Jennifer Splansky Juster: Awesome. How about you, John?

John Harper: Yeah, I’ve spent the majority of my career—oh, hey, Jen, thanks for having us. Glad to be here. I think for me the approach to this work, I’ve spent the majority of my career sort of in and around schools doing strategy development, fundraising, things of that nature, and after a while you sort of comported your respective organization enough time to fit into the right theories of change or a tack to sort of promote my single organization as the solution all the while knowing that there is no single solution to the complex problems that we’re facing. So for me really driven to this work with trying to get further upstream, trying to create those spaces where we could really collaborate and work together, understanding how these pieces fit together.

I think for me as I think about the funder piece, the most authentic relationships as I reflected back was when there was actually not so much conversations on all the ins and outs details of exactly what we were doing. That wasn’t a productive conversation. The productive conversation was when we really knew that we had a real partner across the table. We could come with our challenges, they brought their challenges, and we were involved in creative problem solving regularly. How do you create that, right? It’s a great sort of nirvana that we can all strive for but what does it look like in practice, and I think that’s why I both came to FSG, and a little bit of what we’re trying to get out of this piece as well.

Jennifer Splansky Juster: Great, definitely dig into that more. Thanks, John. Before we do that, let’s turn over to Fay. Welcome.

Fay Hanleybrown: Thanks so much, Jen. It’s wonderful to be here. I would say what’s brought me to this work is I’m a true believer in collaborative work and collective action. I’ve really been just so fortunate to have the opportunity to work with so many place-based collaboratives over the last 10 plus years at FSG, and I’ve learned so much from our community partners and some others in the field including the many partners through the Collective Impact Forum.

In particular I would say some of the big learning has been around the importance of centering equity and the importance of community engagement. Early on in this work and this would be more than a decade ago, I had a very wise backbone leader who shared with me that old adage that progress happens at the speed of trust, and that has always stayed with me and has been true in every collaborative that I’ve worked with.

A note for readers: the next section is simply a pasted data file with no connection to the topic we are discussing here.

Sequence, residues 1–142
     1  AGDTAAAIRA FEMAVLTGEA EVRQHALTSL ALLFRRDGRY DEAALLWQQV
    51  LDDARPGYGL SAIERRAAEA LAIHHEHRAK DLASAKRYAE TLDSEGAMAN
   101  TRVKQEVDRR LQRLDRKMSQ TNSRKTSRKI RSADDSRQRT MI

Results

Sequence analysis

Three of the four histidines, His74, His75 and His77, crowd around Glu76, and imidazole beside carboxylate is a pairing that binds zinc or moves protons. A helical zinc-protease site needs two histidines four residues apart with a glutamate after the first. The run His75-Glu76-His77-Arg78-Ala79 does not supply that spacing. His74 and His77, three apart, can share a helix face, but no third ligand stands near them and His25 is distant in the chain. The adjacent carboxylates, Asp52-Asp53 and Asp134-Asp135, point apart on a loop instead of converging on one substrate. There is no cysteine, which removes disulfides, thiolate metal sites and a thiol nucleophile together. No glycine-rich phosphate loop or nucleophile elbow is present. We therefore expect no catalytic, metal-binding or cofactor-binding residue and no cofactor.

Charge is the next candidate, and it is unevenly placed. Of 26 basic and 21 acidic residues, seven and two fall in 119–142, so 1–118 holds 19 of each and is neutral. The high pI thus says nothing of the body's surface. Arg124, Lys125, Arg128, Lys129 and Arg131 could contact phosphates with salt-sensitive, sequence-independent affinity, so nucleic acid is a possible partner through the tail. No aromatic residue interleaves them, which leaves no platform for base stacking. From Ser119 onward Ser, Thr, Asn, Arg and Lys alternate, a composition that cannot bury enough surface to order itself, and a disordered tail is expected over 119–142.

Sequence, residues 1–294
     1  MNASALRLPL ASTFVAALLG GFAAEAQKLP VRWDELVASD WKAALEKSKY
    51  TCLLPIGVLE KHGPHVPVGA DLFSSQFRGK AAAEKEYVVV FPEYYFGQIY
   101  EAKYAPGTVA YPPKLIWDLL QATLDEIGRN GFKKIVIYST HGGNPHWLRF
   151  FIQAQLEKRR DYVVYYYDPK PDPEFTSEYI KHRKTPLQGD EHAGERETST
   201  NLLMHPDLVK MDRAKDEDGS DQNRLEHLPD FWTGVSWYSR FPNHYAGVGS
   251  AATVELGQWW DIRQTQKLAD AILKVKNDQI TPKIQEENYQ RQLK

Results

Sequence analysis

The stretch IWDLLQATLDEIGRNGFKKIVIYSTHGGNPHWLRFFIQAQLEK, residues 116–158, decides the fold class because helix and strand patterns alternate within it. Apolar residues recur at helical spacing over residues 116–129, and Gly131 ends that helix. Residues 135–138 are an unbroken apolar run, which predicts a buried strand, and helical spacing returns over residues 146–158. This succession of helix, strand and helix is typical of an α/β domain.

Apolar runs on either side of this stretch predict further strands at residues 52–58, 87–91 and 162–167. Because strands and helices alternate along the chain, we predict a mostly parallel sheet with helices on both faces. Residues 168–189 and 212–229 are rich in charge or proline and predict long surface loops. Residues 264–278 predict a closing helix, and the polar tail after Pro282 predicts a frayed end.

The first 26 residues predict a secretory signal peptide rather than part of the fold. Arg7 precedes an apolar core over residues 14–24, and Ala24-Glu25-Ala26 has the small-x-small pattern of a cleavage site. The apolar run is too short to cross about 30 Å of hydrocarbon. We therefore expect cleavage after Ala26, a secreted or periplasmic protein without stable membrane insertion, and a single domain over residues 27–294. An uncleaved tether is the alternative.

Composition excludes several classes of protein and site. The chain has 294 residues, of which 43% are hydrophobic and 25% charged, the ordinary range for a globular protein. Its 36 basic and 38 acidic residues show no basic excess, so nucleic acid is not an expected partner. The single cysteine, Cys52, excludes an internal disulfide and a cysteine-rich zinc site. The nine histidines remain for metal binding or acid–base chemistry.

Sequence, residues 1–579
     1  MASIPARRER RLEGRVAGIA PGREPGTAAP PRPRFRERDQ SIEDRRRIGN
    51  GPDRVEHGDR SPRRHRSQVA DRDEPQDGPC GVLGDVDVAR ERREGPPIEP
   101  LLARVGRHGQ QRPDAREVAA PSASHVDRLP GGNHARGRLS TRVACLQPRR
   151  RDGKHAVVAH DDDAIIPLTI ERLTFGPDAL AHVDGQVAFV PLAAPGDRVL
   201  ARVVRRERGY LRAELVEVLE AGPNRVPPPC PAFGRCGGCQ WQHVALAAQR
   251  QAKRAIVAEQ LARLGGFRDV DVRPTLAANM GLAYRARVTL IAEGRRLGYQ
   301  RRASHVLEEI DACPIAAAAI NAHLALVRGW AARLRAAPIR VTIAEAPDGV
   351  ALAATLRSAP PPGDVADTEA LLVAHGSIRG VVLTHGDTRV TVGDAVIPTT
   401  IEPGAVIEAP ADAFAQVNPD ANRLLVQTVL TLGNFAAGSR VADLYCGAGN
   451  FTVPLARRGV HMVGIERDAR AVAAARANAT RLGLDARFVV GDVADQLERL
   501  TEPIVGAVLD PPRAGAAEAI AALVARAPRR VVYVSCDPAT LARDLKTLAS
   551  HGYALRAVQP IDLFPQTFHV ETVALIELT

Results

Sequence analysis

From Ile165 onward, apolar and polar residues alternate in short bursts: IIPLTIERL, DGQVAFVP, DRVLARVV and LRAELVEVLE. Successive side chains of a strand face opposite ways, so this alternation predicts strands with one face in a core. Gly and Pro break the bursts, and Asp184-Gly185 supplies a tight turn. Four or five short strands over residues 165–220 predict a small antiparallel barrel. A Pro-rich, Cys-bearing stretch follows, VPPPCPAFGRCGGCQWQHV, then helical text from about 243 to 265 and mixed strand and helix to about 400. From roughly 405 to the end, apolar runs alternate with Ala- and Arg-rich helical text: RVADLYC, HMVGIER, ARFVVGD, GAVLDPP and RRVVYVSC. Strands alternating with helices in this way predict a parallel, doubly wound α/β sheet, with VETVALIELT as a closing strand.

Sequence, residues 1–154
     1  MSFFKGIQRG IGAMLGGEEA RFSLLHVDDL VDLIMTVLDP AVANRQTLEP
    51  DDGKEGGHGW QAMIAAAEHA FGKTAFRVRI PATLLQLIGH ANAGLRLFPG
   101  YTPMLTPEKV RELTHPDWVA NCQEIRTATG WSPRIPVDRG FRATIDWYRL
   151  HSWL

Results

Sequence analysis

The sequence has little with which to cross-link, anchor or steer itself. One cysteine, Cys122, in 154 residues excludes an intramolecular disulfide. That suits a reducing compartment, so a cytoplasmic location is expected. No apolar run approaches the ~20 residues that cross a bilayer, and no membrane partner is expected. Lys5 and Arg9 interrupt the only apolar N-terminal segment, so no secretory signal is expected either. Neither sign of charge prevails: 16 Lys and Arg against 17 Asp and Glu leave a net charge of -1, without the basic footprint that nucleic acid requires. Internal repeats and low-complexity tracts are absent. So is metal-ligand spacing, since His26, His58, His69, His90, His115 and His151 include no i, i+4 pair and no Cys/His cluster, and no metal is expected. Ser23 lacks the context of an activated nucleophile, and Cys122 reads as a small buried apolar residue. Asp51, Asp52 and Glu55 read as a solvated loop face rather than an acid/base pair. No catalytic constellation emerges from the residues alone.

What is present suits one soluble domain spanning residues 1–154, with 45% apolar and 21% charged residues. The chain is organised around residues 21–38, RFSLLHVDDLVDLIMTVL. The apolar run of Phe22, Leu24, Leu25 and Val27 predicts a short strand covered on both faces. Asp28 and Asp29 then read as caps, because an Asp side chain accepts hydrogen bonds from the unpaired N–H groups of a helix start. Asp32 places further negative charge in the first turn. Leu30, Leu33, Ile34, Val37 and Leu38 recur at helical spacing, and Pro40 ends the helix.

I know that when John and Victor and I were thinking about writing this article, we wanted to unpack that a little bit and really think about what are some of the concrete steps that we’ve seen in this work that really help funders to build trusting relationships with their partners and ultimately help collaboratives get to the results that they’re trying to get to so that’s what we were trying to do through this article.

Jennifer Splansky Juster: Thank you, Fay. Progress moves at the speed of trust is such a wise adage and relevant in so much work and especially in this kind of collaborative work so I love elevating that right now. So for folks who haven’t read the article yet, can one of you give a topline summary of the key pieces, and then we’ll dive into each of them individually as we go.

John Harper: I’m happy to start there a little bit. I actually think Fay set us up. For me the article is about trying to get concrete, just thinking about the word trust, it’s kind of a sexy term just like many other sexy terms these days. The consultant in me knows there’s lots of framework defining trust, probably even some clarity on how you could measure it but where I think folks often fall down is what are the steps, what are those concrete actions one can take to get there. What are the things that I should be carrying in mind? What are those actions that live in the external space, things that a program officer might do versus what are those things that are more internal facing? How are we thinking about alignment but recognizing that all of this works together to actually to get to that nirvana? I need to come up with a better example, right? But if trust is this sexy idea that we’re all striving for, what are some actual concrete ways to get there, and what type of examples have we seen both from our partners and others of when you do this intentionally, what can it look like? It’s like that’s really the core of where we go in the article.

Jennifer Splansky Juster: That’s great, and you all elevate four key points or four key approaches to really strengthening and building trust, being a humble learner, be transparent about data and funding priorities, aligning internal expectations and practices, and developing feedback loops. So I want to let folks know where we’re going but we want to go into each of these one at a time. The first one that you really explore in the article is being a humble learner so could you tell us a little bit more about how funders go about showing up in ways that present them and help them live into being a humble learner?